Trial quality and participant adherence
Many factors contribute to the quality of a clinical trial. Absence or at least minimisation of biases, for example; a high rate of adherence to the protocol; participant adherence to the intervention; and a low rate of drop-outs. Of these, participant adherence is perhaps the most neglected.
As the former US surgeon general C Everett Koop once said, “Drugs don’t work in patients who don’t take them.” Poor adherence in clinical trials has several potential consequences, leading to biased results, reduced statistical power, and impaired causal inferences.7 These include:
● failure to confirm efficacy or underestimation of the extent of efficacy;
● by the same token, underestimation of the risks of harms;
● impaired development of innovative drugs and drugs for rare diseases.
Lord O’Shaughnessy’s report says nothing specific about how good participant adherence can be achieved and measured. Adherence to trial protocols gets a passing mention.
The word “harm” does not appear in the report in relation to the adverse effects of trial interventions. The term “side effects” is mentioned in relation to phase 1 studies. Harm from clinical negligence is mentioned. Terms such as “adverse events,” “adverse effects,” and “adverse reactions” do not appear. The word “risk” appears several times, but not in relation to adverse drug reactions or a comparison with benefits, the so-called benefit-risk ratio, better termed the benefit to harm balance. A single reference to “the risk assessment process” might be related to adverse drug reactions, but could equally apply to “the risk, or perceived risk, of carrying out clinical trial activities to the trial sites themselves,” mentioned elsewhere.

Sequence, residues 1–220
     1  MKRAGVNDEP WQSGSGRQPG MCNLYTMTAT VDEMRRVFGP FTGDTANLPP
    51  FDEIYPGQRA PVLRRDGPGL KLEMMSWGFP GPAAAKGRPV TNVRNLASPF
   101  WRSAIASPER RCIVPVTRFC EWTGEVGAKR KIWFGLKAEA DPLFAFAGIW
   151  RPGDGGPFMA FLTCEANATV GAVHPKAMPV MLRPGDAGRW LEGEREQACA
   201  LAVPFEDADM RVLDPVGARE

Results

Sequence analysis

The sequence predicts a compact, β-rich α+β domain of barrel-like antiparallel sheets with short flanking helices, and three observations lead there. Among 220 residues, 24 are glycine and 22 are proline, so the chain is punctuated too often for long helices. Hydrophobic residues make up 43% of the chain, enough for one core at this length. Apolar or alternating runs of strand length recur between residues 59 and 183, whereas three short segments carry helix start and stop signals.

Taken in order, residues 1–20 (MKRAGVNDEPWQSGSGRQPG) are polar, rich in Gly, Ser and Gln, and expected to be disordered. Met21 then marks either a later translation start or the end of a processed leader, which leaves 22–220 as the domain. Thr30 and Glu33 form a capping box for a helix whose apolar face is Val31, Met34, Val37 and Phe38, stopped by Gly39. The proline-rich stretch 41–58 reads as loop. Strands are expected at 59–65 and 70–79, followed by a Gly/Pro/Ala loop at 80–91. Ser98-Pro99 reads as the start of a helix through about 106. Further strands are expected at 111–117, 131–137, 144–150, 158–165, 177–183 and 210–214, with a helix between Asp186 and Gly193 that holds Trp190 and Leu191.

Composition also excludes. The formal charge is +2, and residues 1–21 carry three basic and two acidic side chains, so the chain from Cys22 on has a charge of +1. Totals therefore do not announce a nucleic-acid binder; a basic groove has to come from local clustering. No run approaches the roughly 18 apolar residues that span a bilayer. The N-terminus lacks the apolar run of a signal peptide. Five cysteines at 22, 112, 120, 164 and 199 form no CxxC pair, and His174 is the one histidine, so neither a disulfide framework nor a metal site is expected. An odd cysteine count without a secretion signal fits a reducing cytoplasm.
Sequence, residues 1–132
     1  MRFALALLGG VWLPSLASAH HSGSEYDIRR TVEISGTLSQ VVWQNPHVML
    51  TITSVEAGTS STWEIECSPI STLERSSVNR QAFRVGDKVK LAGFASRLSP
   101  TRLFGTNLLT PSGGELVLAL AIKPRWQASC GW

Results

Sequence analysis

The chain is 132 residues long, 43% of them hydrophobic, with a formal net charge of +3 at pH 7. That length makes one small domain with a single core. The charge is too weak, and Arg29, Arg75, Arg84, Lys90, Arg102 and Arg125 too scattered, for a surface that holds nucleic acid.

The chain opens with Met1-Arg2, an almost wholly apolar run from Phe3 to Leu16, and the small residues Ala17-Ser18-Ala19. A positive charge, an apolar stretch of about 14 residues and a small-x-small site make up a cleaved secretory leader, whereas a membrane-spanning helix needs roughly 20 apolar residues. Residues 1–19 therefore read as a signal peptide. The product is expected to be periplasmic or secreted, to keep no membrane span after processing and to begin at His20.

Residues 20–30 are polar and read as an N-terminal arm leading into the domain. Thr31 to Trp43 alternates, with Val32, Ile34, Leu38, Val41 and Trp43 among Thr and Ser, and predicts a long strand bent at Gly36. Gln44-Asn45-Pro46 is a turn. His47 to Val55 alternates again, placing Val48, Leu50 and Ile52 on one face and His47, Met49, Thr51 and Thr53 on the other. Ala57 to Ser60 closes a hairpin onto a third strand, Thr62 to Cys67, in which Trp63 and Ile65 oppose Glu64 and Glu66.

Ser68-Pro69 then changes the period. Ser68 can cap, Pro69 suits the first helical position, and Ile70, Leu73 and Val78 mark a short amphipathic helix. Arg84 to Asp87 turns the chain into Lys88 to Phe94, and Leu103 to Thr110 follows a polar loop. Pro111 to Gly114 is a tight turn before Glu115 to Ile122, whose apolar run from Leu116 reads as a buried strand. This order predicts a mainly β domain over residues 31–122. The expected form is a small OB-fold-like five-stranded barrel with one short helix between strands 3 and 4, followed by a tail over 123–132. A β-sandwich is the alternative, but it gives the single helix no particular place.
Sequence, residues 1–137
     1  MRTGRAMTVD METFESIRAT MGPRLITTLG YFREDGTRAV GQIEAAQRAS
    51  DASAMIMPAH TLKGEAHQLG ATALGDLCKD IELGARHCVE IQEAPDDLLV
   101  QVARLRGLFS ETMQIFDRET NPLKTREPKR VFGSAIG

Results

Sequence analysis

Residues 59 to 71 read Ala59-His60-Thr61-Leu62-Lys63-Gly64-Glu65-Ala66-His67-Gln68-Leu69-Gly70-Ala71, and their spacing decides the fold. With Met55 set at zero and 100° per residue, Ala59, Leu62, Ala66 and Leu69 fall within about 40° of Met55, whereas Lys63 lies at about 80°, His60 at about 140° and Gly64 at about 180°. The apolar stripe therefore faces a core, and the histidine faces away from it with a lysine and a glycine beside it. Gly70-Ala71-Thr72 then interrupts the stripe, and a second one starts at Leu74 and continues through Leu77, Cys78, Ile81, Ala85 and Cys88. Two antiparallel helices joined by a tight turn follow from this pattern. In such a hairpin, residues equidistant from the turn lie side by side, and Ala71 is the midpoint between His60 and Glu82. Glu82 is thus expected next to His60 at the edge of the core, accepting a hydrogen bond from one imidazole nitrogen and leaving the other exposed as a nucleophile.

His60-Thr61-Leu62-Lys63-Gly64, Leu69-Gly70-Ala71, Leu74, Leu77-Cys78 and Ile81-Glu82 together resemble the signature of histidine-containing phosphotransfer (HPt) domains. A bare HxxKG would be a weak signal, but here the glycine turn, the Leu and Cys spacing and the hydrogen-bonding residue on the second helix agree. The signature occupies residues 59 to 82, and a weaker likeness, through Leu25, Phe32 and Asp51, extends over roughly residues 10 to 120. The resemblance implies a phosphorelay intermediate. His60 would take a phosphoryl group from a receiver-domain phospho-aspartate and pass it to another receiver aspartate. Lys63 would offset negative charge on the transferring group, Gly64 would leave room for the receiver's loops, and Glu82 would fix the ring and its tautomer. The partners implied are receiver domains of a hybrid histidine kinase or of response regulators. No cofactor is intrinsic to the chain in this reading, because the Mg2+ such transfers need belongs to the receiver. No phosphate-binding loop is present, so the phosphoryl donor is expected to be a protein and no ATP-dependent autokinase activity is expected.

Most early phase clinical studies are too small to detect anything but the most frequent harms. And there is a risk that by rushing to approve a new medication that appears to be highly beneficial, important harms will be missed.
Take, for instance, lorcaserin. The history of medicines that have been developed in the hope of managing obesity has featured more withdrawals than survivals. When we surveyed medicines that had been licensed for use in the management of obesity since 1950, we found that 25 had been withdrawn from the market because of adverse drug reactions.8